The Pharmaceutical Sciences Research Group comprises of academic staff in the School of Pharmacy and Life Sciences who are research active within the areas of Medicinal Chemistry, Formulation and Drug Delivery.
Research is undertaken in the following areas (see staff web pages for further information):
Natural Products Chemistry.
Steroid Synthesis and Photochemical oxidations.
The design and synthesis of novel prodrugs for the treatment of nephropathic cystinosis.
The design and synthesis of amino-substituted anthraquinones and quinoxalines as selective ligands for higher order DNA and as inhibitors of telomerase and topoisomerase.
Molecular modelling of drug macromolecule interactions.
Synthesis of biologically active heterocycles (pyrazines, quinolines and quinoxalines.
Identifying the mechanisms of action of planet derived and synthetic (beta)-lactamase inhibitors (flavones).
Analysis profiles of opium alkaloids by CZE.
Design and synthesis of luminescent sensors based on organic and Quantum Dot fluorophores.
Anti-cancer, anti-parasitic and antioxidant therapeutics
Formulation and Drug Delivery
The focus in this research group is the development and evaluation of novel drug delivery systems. The areas in which this group is actively involved are as follows:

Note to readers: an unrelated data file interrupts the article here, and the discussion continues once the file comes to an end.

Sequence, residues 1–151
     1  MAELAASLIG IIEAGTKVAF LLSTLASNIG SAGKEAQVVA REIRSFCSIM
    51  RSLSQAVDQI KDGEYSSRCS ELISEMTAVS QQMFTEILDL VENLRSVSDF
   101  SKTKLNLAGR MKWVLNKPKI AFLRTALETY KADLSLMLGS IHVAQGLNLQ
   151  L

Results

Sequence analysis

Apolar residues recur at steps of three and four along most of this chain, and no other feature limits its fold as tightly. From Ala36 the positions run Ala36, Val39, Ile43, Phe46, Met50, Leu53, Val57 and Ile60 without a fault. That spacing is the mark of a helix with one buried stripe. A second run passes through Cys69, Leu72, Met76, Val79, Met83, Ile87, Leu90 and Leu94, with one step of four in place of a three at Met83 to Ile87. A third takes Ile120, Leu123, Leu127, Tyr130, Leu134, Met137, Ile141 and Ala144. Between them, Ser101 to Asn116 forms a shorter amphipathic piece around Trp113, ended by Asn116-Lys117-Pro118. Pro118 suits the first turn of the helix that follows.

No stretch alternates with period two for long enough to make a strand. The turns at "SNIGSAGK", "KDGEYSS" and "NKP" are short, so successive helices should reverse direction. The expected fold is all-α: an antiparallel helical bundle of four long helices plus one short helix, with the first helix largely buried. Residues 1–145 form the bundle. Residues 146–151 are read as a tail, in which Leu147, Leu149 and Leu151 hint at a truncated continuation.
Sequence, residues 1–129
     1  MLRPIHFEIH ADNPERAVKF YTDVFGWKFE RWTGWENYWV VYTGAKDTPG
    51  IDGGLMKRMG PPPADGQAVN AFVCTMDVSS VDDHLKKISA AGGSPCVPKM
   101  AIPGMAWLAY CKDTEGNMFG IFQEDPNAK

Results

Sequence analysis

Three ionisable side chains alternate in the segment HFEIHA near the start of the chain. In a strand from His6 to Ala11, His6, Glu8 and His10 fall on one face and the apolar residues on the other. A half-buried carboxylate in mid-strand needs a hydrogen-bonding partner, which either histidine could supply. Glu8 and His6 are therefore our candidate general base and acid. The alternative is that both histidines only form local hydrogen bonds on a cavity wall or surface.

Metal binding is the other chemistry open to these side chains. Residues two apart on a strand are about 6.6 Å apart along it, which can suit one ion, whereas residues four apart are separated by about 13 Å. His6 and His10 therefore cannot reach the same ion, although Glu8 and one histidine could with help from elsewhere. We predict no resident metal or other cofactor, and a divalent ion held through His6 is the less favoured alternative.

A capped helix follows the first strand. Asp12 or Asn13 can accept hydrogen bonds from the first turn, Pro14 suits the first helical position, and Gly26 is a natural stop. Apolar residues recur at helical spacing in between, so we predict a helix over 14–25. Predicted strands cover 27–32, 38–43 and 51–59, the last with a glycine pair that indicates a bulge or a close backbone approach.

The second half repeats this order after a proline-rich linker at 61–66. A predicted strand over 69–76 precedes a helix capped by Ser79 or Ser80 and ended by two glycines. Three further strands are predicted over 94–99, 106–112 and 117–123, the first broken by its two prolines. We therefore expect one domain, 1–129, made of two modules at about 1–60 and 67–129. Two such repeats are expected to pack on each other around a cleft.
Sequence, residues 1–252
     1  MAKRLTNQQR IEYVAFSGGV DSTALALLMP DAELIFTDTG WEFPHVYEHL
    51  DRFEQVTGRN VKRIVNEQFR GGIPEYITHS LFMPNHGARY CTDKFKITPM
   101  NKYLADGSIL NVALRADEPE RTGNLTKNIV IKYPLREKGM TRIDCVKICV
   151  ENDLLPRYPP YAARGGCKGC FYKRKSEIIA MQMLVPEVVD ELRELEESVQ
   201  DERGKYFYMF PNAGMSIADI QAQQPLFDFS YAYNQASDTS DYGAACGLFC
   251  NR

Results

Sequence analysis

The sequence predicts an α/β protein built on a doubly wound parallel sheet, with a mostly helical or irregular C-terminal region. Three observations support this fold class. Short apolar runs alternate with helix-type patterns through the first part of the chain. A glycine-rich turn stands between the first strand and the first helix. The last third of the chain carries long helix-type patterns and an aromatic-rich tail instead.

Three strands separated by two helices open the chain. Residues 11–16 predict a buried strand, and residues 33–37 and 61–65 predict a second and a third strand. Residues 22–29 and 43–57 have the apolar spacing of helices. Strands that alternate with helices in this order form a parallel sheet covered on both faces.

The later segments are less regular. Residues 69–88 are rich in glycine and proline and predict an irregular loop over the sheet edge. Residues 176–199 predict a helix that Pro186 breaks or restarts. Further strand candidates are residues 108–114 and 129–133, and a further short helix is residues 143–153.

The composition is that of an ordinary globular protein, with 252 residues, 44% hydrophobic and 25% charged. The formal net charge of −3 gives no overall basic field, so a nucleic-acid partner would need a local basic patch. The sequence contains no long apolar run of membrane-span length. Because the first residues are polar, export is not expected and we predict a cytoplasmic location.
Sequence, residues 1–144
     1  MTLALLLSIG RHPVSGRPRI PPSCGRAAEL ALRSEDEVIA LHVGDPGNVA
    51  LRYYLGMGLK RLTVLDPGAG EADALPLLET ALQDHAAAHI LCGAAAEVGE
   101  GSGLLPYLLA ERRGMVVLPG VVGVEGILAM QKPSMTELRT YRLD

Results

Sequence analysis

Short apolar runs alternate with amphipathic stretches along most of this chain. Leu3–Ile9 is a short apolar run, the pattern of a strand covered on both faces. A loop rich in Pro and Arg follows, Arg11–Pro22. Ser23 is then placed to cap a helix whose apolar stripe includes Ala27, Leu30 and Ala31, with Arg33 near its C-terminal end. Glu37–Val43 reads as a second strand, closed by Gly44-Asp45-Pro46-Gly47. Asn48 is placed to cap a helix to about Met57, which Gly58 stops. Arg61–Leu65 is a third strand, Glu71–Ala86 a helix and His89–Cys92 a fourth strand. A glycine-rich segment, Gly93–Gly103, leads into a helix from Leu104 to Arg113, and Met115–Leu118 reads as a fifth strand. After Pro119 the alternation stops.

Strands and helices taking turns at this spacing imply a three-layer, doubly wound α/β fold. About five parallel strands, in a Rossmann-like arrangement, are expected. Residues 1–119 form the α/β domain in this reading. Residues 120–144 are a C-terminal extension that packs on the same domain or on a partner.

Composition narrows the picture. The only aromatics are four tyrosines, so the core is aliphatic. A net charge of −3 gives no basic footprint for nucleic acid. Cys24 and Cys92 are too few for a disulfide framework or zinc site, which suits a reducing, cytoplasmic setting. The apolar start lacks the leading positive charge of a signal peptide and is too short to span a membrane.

Solid dosage Forms:
Oral controlled release matrix tablets incorporating new novel polymeric substances and natural gums. The kinetics of drug release from these systems is examined.
Film-coated pellets and granules for encapsulating in hard gelatine capsules. The coating formulation is manipulated so as to obtain pH-independent drug release.
Application of natural, synthetic and semi-synthetic polymers in drug delivery systems. In particular, the development of lyophilised products as stable systems for wound healing drugs in collaboration with industry.
Buccal and topical delivery of drugs for systemic absorption. Lyophilised materials and penetration enhancers are used to promote rapid drug release.
Preformulation studies such as solubility, crystal structure and incompatibility determinations are also carried out on potential new drug entities. The stability of drugs in glassy, polymer matrices is also investigated.
Fast-melt tablets made by direct compression.
These are developed from novel new polymers provided by our collaborating partners.
These biodegradable microspheres are designed for:
- drug targeting to tumours and
- drug delivery to the lungs
Pharmaceutical Sciences Group Staff
Dr Lynda Storey